Evan Frazier, CFA, CAIA
Senior Research Analyst
The S&P 500 index — up 9.6% on a year-to-date basis through May — recently entered into a technical bull market, mostly due to a resurgence of growth-oriented areas of the U.S. equity space like Information Technology and Communication Services. At the same time, data related to futures contracts on the index could indicate extremely bearish sentiment on the part of hedge funds and speculators. As of the end of last month, these investors and traders were net short more than 400,000 E-mini S&P 500 futures contracts — the largest such position since Bloomberg started tracking the metric in the early 2000s.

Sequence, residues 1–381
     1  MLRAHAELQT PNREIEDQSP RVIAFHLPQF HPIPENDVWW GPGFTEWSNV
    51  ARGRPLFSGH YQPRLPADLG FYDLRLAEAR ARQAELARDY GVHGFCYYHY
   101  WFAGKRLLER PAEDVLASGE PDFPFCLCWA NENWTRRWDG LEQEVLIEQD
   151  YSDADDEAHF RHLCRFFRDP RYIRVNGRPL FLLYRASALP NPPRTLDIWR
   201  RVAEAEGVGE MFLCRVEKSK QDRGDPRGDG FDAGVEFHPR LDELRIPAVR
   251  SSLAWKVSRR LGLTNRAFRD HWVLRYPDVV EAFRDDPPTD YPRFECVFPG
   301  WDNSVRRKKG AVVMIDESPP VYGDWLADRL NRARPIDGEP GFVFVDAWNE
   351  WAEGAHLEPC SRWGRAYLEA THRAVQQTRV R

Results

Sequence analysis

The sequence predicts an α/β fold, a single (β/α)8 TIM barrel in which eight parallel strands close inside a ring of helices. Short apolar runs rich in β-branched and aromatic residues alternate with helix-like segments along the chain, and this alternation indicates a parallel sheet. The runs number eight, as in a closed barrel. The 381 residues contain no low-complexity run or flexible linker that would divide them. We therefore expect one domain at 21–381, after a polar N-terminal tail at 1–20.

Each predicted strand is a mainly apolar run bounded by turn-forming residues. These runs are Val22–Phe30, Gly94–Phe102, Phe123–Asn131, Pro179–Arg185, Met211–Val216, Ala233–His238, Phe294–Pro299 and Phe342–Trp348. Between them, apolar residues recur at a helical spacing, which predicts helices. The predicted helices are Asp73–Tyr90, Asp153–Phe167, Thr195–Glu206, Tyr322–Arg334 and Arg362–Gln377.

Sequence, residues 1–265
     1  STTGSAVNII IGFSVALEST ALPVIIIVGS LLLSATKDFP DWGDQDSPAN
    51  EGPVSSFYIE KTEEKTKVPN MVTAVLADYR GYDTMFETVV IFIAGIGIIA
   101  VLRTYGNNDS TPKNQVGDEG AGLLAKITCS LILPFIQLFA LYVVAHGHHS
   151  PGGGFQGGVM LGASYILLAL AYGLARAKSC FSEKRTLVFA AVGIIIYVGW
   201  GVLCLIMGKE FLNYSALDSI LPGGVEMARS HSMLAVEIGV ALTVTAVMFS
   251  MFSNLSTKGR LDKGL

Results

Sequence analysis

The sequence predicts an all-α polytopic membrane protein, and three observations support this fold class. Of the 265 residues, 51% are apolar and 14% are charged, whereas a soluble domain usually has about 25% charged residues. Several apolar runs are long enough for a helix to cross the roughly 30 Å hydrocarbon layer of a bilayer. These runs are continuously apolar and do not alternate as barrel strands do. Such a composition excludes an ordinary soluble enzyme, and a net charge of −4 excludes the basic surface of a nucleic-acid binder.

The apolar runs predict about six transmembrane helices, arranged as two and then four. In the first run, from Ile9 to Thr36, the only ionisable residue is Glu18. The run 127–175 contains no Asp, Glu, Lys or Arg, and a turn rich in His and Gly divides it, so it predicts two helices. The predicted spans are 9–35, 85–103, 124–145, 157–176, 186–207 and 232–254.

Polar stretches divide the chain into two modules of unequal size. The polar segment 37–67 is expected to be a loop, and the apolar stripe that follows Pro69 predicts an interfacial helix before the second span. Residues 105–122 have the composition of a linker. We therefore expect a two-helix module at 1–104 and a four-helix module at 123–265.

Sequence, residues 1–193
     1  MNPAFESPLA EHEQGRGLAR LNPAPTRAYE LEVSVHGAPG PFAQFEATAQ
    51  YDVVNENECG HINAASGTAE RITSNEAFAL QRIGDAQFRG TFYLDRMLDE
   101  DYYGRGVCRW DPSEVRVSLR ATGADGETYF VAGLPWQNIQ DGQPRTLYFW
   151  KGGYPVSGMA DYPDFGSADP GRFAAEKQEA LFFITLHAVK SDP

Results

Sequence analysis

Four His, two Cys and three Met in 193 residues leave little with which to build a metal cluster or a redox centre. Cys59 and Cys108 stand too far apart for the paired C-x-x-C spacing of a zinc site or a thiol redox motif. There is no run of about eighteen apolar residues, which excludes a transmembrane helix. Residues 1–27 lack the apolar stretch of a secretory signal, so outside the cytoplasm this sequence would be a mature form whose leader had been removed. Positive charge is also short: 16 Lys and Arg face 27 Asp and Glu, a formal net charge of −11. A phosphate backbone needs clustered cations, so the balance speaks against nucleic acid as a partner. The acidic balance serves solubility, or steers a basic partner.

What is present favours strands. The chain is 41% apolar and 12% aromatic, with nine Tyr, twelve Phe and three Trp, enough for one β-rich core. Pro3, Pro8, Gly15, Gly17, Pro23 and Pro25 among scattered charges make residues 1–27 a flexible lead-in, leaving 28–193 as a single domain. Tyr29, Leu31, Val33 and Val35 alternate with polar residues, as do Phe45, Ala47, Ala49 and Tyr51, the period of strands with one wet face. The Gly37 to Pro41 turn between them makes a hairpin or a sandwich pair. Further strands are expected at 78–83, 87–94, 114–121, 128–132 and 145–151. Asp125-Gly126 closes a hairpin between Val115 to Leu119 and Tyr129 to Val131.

There are several potential explanations for this phenomenon. First, investors may believe the recent run of the S&P 500 is not reflective of the current economic climate and overly dependent on a small basket of securities. To that point, the year-to-date return of the benchmark would actually be negative through the end of May excluding just seven high-performing index constituents (Alphabet, Amazon, Apple, Meta, Microsoft, NVIDIA, and Tesla). This type of sentiment could lead the index to retract meaningfully should one of these companies stumble. However, this same group of investors has maintained net long positions on similar NASDAQ futures contracts in recent time, which does not support the notion that investors are inordinately bearish on these stocks. Dynamics within S&P 500 futures markets could also be a reflection of hedge funds and other investors having a significant number of high-conviction long positions with fewer alpha short ideas, which could necessitate hedging to lower net exposures and would actually be a bullish indicator. Whatever the reason for this positioning, it is important for investors to remember that no one variable is sufficient when it comes to explaining overall market machinations. Marquette will continue to monitor equity and futures markets and advise clients accordingly based on our findings.
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